On September 11, people all over the country will talk about where they were when those planes hit the towers. They talk about seeing the footage, being fearful, what a national tragedy it was. Then the day passes, and though they don't forget, it's probably not something they think about on a daily basis. But some of us face those reminders every day.
Each morning, my son and I pass what used to be known as Ground Zero on the way to his school. He's just 6, so he doesn't yet understand what happened there, how many lives were lost, how many families were changed, that it was once a graveyard of twisted steel. No, he's too young for that. But he does ask questions. And while it will be years before he fully comprehends the magnitude of September 11, 2001, here is what I want him to know about that day.
He has often asked me about that "reeeaaalllly tall skyscraper" now standing there -- though he mostly wonders why it's taking so long to finish. Ever since he can remember, it has been a construction site. He also knows that it's a place always packed with tourists, another mystery to him. "Why do all those people want to see it? They must not have super-tall buildings in the cities they live in," he shrugged.
But lately when he has questions, I have attempted to explain more about why it's so special. It's a tricky conversation. I want him to know it's important, but I don't want to scare him. I don't want him to think our neighborhood is a place people want to attack -- even though it is. I simply said that the buildings that used to be there were blown up by bad guys and people go there to remember and pray.
He needs to know that, yes, there are bad guys out there ... and no Teenage Mutant Ninja Turtle or Jedi can protect us from them. Certainly, if you had described such an attack before it actually happened, most of us would have said that sounded like some action movie plot. It was unfathomable that something could bring down those Twin Towers, long a symbol of the city's strength and prosperity -- the signature of the NYC skyline. And to learn it was a coordinated plot targeting the Pentagon as well -- it still sends chills down my spine. After it happened, I thought anything was possible. Every horrific, scary thing I could imagine could actually happen.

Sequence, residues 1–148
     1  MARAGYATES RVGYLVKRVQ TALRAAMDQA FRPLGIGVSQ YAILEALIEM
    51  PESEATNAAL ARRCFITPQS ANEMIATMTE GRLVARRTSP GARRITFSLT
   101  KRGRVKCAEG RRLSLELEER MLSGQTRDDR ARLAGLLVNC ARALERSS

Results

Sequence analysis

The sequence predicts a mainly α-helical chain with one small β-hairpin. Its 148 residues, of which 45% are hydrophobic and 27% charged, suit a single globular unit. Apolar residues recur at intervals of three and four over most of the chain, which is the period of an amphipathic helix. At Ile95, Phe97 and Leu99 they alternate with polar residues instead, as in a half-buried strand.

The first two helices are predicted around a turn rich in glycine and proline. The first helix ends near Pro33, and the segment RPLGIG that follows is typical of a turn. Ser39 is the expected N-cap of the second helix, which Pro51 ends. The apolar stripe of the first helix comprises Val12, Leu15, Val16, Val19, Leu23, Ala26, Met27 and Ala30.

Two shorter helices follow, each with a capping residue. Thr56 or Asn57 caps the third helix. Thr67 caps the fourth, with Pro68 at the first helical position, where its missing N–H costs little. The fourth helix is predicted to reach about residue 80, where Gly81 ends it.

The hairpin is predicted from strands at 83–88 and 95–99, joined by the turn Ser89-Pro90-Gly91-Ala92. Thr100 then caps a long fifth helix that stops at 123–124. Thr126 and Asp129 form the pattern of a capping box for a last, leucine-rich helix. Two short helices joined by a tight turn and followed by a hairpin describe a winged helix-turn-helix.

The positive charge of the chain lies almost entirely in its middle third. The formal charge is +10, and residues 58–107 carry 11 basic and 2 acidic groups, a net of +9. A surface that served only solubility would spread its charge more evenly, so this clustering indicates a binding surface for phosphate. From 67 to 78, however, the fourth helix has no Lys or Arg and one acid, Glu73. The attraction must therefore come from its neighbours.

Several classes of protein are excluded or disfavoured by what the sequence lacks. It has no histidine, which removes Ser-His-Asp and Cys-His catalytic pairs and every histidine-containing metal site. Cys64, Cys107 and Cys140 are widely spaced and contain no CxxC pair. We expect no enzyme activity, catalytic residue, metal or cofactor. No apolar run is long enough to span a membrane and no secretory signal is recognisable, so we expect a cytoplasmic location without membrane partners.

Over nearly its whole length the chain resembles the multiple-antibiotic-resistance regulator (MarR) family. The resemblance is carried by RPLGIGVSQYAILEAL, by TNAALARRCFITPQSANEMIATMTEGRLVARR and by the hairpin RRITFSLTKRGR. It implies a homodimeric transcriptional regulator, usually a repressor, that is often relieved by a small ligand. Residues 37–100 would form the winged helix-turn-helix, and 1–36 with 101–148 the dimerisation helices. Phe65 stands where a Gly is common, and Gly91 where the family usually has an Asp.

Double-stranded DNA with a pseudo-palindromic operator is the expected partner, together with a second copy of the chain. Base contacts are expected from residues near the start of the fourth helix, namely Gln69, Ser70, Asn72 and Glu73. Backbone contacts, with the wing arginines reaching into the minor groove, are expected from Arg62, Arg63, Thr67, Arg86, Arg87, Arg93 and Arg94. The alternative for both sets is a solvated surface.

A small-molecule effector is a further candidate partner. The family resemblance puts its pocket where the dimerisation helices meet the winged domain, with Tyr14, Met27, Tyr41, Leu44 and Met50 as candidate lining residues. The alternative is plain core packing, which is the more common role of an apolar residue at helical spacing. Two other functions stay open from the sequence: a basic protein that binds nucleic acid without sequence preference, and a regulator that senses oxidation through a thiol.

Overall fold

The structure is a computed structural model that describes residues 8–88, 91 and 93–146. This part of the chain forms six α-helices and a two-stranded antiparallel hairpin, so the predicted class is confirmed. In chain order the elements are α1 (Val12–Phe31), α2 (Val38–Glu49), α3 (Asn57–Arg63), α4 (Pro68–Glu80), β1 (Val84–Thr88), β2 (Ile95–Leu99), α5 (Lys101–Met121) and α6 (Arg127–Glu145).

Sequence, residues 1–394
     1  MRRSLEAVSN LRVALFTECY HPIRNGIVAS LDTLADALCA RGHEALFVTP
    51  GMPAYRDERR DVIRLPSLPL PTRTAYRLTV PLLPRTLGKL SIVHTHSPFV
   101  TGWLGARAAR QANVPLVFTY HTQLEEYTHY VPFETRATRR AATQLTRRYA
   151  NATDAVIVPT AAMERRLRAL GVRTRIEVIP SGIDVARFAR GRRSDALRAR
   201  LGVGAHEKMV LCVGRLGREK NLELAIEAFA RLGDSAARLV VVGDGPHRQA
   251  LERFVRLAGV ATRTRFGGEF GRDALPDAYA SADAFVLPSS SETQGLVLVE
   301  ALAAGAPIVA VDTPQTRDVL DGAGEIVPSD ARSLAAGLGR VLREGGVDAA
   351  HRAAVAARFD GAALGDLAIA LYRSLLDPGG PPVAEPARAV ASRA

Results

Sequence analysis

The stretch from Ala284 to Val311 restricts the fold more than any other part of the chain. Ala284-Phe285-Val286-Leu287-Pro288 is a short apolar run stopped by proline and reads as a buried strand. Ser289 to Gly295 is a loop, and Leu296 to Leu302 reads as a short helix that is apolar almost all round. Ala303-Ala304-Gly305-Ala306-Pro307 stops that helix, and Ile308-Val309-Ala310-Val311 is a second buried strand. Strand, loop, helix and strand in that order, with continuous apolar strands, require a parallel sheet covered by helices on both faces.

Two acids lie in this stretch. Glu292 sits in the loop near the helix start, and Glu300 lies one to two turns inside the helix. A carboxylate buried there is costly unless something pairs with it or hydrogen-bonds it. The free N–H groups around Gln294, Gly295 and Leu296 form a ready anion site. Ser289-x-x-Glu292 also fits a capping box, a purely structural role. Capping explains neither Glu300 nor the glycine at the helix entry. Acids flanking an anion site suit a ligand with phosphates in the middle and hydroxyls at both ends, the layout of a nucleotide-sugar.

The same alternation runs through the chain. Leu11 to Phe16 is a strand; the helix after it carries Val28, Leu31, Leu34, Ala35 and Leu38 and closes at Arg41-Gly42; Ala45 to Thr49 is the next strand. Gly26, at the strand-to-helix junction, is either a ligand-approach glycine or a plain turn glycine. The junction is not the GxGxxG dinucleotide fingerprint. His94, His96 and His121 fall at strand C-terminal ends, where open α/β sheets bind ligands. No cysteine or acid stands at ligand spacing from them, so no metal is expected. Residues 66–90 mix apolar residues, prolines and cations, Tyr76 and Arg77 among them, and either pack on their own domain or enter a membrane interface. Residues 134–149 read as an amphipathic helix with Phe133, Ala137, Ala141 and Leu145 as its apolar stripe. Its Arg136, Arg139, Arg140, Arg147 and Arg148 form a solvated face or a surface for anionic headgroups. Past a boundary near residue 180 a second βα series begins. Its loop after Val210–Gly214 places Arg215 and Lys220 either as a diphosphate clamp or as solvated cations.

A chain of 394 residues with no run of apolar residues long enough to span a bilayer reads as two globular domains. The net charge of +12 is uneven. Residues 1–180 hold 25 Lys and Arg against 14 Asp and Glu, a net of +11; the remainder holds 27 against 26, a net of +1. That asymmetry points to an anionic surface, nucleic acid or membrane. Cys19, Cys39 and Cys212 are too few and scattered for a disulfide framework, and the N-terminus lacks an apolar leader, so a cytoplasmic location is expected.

I remember standing for what seemed like hours watching workers sift through the rubble, hauling it away, perhaps hoping for a miracle and finding someone, anyone alive. Needless to say, it was a terrifying time. And to be honest, that terror didn't wane in the weeks and months after. We kept waiting for the next attack, wondering if the subways and bridges were safe. Eventually, of course, you have to let that fear subside and move on. And that's another important point I want my son to one day understand. While horrible things happen, they don't have to paralyze us. We have to gather the strength to move forward and go on with our lives. Resilience. I suppose that is the best word for it.
Not only that, there are people working to protect us day and night even though we can't always see them. "Like ninjas?" he asked. He is 6, after all, so I agree. "Yes Lex, like ninjas, but better."
Have you talked to your kids about 9/11?
Image via © Mark Lennihan/AP/Corbis